Afghanistan’s ambassador to the United States, and James B Warlick, deputy special representative for Afghanistan and Pakistan, speak at a news conference in Kabul, yesterday. Afghanistan and the United States have started talks that will eventually define how many American troops stay in the country after most Nato combat forces leave at the end of 2014, and the scope of their mission.
KABUL: Afghanistan and the United States begun talks yesterday on an agreement that will define how many American troops stay in the country after most Nato combat forces leave at the end of 2014, and the scope of their mission.
The talks on the bilateral security agreement could take months, and are expected to be difficult. The thorniest issue is whether US soldiers in Afghanistan are given immunity from prosecution under Afghan law.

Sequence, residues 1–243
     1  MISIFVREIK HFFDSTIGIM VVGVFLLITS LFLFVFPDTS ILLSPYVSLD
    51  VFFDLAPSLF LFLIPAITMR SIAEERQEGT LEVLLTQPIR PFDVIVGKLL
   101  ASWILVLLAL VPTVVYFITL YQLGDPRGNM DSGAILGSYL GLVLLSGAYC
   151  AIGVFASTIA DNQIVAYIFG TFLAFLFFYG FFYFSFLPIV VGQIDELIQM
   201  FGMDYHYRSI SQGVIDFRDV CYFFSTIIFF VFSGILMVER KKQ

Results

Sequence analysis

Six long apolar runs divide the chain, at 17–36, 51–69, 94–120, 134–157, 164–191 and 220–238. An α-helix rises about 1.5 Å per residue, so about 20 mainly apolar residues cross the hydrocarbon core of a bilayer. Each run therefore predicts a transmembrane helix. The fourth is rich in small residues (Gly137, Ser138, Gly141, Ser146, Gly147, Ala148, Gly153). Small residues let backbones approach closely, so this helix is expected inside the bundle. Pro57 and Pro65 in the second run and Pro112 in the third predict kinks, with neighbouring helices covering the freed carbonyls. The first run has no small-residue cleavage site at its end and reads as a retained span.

President Hamid Karzai has long demanded that US soldiers be answerable to Afghan law, but the United States insists that its soldiers accused of crimes in Afghanistan are tried in America.
Underscoring the likely difficulty of the talks, US military prosecutors are seeking the death penalty for Army Staff Sergeant Robert Bales, accused of killing 16 Afghan villagers in a March massacre.
The Afghan government wants Bales to be publicly tried in Afghanistan.
The US delegation is headed by James B Warlick, the deputy special representative for Afghanistan and Pakistan. Eklil Hakimi, Afghanistan’s ambassador to the United States, leads the Afghan team in Kabul.
This year, the two countries signed a strategic agreements which provides a framework for a post-2014 US role in Afghanistan, including aid assistance and governance, but not troop numbers.